The sensitivity study of the BDA scheme showed that the simulations of the hurricane track and intensity were sensitive to the size of the specified bogus vortex. Hurricanes with a larger radius of maximum sea level pressure gradient are prone to a more westward propagation. The larger the radius, the weaker the predicted hurricane. Results of the hurricane initial structures and prediction were also sensitive to the bogus variables specified in the BDA. Fitting the model to the bogused pressure data reproduced the hurricane structure of all model variables more efficiently than when fitting it to bogused wind data. Examining the initial conditions produced by the BDA, it is found that the generation and intensity of hurricane warm-core structure in the model initial state was a key factor for the hurricane intensity prediction.

Initialized with the initial conditions obtained by the BDA scheme, the model successfully simulated Hurricane Fran’s landfall, the intensity change, and some inner-core structures. Verified against the surface wind analysis, the model reproduced the distribution of the maximum wind streaks reasonably well. The model-predicted reflectivity field during the landfall of Hurricane Fran resembled the observed radar reflectivity image onshore.

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Bin Wang, Renguang Wu, and Roger Lukas

Abstract

In this paper the amplitude-phase characteristics of the annual adjustment of the thermocline in the entire tropical Pacific Ocean are described and numerical experiments with a tropical ocean model are performed to assess the roles of the major wind systems in controlling the annual variation of the thermocline.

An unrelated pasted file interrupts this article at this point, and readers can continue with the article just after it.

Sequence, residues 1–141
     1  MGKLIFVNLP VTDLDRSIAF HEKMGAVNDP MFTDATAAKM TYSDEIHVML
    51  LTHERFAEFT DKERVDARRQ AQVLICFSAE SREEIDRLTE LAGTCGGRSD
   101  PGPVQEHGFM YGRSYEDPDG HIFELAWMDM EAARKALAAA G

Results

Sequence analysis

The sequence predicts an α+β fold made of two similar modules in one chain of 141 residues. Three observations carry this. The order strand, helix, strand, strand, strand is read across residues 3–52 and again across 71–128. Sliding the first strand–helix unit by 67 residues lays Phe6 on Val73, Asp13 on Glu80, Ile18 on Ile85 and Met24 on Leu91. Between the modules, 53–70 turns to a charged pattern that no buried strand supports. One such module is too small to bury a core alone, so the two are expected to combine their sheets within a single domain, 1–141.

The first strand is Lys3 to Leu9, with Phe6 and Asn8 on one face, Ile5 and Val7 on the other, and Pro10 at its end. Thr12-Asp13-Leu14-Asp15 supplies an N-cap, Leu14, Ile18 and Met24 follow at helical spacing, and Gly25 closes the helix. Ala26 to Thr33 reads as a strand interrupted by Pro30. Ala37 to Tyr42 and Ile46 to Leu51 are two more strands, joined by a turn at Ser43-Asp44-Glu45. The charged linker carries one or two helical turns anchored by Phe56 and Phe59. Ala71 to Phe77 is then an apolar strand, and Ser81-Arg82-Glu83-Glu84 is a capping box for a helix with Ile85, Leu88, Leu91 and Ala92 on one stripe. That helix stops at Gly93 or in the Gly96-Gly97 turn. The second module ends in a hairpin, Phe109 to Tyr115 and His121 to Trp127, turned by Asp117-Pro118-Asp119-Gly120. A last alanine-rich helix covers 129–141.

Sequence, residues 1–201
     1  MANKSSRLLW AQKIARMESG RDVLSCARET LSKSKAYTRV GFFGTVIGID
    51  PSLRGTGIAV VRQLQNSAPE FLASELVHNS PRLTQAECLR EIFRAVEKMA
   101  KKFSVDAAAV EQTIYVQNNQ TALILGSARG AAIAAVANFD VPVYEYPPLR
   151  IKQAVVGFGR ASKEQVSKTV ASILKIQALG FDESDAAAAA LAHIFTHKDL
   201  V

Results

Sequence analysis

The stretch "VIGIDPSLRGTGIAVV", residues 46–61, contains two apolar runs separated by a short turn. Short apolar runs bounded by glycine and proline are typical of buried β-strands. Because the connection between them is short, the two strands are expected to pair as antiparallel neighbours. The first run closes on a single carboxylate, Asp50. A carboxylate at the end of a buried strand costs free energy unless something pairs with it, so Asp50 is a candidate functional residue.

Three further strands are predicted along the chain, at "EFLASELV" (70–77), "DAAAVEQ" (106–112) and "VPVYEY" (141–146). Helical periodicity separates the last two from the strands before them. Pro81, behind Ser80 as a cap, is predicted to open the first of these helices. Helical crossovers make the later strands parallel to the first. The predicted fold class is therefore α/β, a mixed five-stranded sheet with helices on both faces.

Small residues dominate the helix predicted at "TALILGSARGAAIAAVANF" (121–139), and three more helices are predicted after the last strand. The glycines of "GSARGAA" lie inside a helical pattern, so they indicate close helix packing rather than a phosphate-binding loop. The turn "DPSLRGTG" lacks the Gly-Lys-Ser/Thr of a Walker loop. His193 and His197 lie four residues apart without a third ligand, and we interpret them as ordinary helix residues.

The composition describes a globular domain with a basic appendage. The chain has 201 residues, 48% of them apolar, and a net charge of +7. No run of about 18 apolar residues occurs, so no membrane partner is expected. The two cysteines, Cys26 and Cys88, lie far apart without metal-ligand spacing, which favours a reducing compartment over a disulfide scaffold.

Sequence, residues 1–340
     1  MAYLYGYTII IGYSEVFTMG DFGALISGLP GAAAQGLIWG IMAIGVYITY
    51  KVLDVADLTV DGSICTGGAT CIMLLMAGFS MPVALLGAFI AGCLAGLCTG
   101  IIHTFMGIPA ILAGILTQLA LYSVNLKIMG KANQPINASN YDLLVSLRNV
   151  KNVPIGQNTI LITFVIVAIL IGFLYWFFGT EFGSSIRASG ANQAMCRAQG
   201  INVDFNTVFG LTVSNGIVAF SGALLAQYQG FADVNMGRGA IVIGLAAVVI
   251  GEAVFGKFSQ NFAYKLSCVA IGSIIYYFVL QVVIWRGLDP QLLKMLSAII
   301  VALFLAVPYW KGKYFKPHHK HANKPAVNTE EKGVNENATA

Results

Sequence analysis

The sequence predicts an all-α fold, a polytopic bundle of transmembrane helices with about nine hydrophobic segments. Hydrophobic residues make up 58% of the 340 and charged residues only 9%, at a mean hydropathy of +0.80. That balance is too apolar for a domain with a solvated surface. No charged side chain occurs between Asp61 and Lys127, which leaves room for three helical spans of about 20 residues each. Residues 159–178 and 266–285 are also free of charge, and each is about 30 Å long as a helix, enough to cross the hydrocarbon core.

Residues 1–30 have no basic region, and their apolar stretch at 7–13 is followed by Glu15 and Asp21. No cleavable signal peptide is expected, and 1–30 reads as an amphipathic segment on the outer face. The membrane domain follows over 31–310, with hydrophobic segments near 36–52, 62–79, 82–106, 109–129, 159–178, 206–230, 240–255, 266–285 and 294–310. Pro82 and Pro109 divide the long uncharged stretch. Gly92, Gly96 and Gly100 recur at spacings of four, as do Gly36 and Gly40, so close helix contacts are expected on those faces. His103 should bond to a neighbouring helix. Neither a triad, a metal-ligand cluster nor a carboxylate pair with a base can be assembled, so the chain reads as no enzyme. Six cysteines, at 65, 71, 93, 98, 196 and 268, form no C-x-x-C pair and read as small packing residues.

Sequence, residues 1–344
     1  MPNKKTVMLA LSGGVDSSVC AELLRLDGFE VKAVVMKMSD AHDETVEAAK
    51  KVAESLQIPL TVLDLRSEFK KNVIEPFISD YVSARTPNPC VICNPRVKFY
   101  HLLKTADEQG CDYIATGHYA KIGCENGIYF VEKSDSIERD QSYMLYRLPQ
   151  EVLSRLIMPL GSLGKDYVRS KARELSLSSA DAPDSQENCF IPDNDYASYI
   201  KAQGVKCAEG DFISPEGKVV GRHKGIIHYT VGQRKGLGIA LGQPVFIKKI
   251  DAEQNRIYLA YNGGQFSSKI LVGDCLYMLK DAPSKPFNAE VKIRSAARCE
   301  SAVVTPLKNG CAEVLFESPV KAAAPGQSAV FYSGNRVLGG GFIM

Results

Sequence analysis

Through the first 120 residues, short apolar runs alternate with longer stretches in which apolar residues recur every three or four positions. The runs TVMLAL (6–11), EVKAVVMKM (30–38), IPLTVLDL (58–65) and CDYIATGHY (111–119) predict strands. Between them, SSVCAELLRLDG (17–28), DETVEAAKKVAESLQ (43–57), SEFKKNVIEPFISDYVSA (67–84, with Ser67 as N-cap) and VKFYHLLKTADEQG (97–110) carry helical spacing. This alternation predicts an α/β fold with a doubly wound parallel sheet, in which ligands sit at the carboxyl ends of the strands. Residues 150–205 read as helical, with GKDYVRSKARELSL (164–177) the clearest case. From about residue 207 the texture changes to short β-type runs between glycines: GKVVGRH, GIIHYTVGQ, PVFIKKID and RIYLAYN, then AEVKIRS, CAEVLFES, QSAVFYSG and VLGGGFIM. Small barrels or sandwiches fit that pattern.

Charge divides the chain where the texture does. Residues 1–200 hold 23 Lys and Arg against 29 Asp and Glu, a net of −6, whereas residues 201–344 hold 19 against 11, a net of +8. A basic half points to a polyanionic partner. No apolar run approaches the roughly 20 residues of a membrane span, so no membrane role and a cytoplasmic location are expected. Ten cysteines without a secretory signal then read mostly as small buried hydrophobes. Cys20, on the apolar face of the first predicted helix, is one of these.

In the region between about 8°N and 10°S, the annual adjustment of the thermocline is controlled by both the Ekman pumping and equatorial wave propagation. The local wind stress forcing plays a dominant role in the central North Pacific (3°–8°N, 170°–120°W) where the thermocline exhibits the largest amplitude due to the prominent annual variation of the wind stress curl south of the ITCZ. In the equatorial central Pacific (2°N–5°S, 170°–120°W), the annual cycle also exhibits a pronounced unimodal seasonal variation (deepest in December and shallowest in May–June). This distinctive annual cycle results primarily from the adjustment of the waves, which are excited around 4°N, 110°W by the annual march of the ITCZ and excited in the equatorial western Pacific by the monsoon flows. The December maximum and May–June minimum then propagate westward in the off-equatorial waveguides along 5°N (3°–7°N) and 6°S (3°–9°S) to the western boundary. These annual Rossby waves are reflected at the western ocean boundary. The bimodal annual variation in the equatorial western Pacific is caused by the combined effects of the annual Rossby wave reflection and the monsoon westerly forcing during transitional seasons. The bimodal variations in the equatorial far eastern Pacific are determined by the remote forcing through the eastward propagation of Kelvin waves.

The thermocline variations in the North Pacific poleward of 8°N and in the South Pacific poleward of 10°S form approximately an annual seesaw oscillation with maximum depth occurring in May–June (October–November) and minimum in December (April–May) in the North (South) Pacific. These regions are characterized by an Ekman regime.

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Hiroyuki Murakami, Bin Wang, and Akio Kitoh

Abstract

Projected future changes in tropical cyclone (TC) activity over the western North Pacific (WNP) under the Special Report on Emissions Scenarios (SRES) A1B emission scenario were investigated using a 20-km-mesh, very-high-resolution Meteorological Research Institute (MRI)–Japan Meteorological Agency (JMA) atmospheric general circulation model. The present-day (1979–2003) simulation yielded reasonably realistic climatology and interannual variability for TC genesis frequency and tracks.

The future (2075–99) projection indicates (i) a significant reduction (by about 23%) in both TC genesis number and frequency of occurrence primarily during the late part of the year (September–December), (ii) an eastward shift in the positions of the two prevailing northward-recurving TC tracks during the peak TC season (July–October), and (iii) a significant reduction (by 44%) in TC frequency approaching coastal regions of Southeast Asia.